heating and cooling
November 1, 2017
More often than not, when you moved into your home, you didn’t prepare for any future life changes to happen that require you to extend your house either outward or upward. But here you are and what do you do? There are advantages to either option.
If your property still has room for a ground floor extension, then you can build out and keep everything on a single level, however, if your property is smaller and you would like to keep the backyard space then you should consider building a second storey addition. Doing so also means the least disruption to the existing house below and you can practically live at home throughout the extension project.
Before you decide to build a second floor addition or ground floor extension, there are some things to consider.
This must be taken into consideration when creating house plans for a new addition to your home and should be well-integrated into existing sections of your house. A building sustainability assessment is required to ensure an extension meets the minimum sustainability benchmarks.
Ensuring thermal performance can be a simple as fine-tuning the size and orientation of your window or a bit complex as adding skylights or light tubes.
All new constructions are required to be insulated to climate appropriate levels. This could mean existing insulation in the original building may have to be retrofitted to prevent leaks of any kind.
Heating and Cooling
It is possible that your existing HVAC system will become insufficient once the new addition is completed. Increased living space often means increased heating and cooling requirements. So you should take this into account when developing house plans and when estimating a budget. Don’t forget the amount of work and costs needed for the ductwork if you go for a ducted AC.
The roof on your second floor addition should blend well with the rest of the house. Unless, of course, if you prefer the extension to stand out. But if you want a unified look, it is important that the roofing matches the existing one, even in the choice of Colorbond tin or tiles.
Continuing with a unified look so that your addition or extension blends in you also need to consider your cladding options. Brickwork, weatherboard, hebel or render. To match existing, to change the entire façade or to use a mix of different materials are all possible to make your addition look like it has always been a part of the home.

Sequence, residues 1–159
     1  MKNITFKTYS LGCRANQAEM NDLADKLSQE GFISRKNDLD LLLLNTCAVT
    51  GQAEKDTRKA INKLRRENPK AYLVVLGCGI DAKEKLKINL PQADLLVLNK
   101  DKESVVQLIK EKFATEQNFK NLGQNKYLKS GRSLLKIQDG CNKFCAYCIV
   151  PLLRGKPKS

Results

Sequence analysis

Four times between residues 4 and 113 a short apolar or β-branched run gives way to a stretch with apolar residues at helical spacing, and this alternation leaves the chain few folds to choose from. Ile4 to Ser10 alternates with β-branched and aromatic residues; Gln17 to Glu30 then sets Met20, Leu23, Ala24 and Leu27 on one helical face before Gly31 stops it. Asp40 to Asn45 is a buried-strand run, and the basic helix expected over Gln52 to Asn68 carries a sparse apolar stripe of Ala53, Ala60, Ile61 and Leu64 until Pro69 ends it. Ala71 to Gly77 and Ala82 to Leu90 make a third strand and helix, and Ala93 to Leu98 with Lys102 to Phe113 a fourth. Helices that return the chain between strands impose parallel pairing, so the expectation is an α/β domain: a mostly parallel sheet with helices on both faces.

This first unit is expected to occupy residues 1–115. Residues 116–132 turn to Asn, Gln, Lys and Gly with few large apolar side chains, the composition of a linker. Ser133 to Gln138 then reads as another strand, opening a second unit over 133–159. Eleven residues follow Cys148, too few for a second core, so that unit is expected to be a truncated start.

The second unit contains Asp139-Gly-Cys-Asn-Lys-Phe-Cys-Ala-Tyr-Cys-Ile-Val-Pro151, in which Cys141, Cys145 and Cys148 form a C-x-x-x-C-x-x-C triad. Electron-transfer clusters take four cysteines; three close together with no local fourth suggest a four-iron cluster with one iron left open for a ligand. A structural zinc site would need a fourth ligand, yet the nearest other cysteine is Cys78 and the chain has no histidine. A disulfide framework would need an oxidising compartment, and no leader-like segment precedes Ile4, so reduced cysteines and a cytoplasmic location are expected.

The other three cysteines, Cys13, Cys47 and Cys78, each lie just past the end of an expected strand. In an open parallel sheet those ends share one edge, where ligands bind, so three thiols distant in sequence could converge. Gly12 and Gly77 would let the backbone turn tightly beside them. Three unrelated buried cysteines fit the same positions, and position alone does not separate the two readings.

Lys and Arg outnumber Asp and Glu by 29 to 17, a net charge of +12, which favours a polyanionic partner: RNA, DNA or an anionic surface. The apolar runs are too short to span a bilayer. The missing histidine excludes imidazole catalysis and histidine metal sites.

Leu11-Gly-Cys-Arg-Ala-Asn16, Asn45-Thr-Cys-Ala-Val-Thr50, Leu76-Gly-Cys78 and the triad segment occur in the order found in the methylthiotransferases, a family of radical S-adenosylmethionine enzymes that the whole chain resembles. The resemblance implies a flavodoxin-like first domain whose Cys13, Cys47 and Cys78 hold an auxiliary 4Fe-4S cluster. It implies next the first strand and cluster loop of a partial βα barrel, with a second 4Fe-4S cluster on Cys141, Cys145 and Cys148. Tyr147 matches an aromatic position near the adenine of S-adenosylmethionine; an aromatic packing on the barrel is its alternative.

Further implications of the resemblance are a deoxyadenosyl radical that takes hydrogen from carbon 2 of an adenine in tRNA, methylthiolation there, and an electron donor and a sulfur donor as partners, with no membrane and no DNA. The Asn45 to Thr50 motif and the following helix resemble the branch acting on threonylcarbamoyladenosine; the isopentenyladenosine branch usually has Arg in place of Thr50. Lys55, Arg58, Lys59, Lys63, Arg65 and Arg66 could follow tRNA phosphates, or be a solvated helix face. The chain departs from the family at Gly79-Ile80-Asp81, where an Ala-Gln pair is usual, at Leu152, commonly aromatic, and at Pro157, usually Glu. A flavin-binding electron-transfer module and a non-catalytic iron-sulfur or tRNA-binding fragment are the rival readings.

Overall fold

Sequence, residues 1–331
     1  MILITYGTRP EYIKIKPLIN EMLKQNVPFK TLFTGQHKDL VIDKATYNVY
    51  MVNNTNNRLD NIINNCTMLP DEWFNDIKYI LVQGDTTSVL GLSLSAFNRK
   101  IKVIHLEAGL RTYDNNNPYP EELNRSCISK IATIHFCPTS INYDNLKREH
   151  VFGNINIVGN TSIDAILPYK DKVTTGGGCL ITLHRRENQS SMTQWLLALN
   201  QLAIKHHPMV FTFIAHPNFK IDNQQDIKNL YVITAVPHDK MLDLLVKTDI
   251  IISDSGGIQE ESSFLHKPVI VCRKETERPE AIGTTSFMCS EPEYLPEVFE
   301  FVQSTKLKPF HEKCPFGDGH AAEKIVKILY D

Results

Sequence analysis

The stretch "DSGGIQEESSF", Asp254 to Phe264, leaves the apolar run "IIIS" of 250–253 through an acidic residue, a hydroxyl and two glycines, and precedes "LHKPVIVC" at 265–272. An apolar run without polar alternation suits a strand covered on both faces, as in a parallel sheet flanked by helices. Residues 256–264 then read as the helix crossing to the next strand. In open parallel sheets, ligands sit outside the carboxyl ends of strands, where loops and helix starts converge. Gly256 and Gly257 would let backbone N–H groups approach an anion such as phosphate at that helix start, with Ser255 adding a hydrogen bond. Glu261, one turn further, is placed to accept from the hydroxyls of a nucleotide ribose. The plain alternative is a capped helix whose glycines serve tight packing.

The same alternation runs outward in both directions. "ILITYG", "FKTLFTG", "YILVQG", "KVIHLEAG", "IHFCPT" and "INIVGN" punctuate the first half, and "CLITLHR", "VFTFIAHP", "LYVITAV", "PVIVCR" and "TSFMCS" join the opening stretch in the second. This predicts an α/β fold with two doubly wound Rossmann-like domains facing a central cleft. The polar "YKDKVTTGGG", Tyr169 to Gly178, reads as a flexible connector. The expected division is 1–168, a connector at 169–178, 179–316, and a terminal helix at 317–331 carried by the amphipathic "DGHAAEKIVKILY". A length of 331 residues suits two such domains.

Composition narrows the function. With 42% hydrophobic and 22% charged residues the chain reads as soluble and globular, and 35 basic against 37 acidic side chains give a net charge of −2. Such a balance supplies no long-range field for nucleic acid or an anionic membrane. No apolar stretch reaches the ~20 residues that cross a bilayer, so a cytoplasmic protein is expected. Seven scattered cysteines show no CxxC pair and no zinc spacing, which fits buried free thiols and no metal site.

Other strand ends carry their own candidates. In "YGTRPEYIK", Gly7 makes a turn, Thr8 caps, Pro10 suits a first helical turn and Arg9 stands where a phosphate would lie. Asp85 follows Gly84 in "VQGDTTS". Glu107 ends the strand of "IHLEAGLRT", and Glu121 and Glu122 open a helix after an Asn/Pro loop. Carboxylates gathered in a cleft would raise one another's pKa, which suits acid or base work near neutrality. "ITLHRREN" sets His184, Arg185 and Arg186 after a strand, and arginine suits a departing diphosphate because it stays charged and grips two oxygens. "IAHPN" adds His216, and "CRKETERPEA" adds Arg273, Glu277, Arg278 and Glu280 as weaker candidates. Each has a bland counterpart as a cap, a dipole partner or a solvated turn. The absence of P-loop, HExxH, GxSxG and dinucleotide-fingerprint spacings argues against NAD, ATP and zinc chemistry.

Should your second floor addition use the same type of flooring as the original building? The choice is really up to you. Different types would delineate the extension from the not, while similar types will ensure continuity and create the illusion of a bigger space.
Depending on the size of the second-floor extension, 1 to 3 more circuits may have to be added to the electric panel. Not to mention, electrical lines that have to be added and integrated with the rest of the house.
Protecting a home addition from termites should be a priority right from the start. This means choosing termite-resistant materials, adding termite barriers, treating timber products if you use them, or creating house plans that allow easy inspection access.
With these taken into account, it’s time to decide on what type of extension you want to build and the kind of materials to use.
At this stage, it is highly recommended that you consult with professional builders and designers. Tap into their knowledge of the best material to use or the most suitable design for the climate in your location. They, more than anyone, else have intimate knowledge in everything and anything building-related.
To book a consultation with the professionals, contact us.
Article written by: MyChronicles.net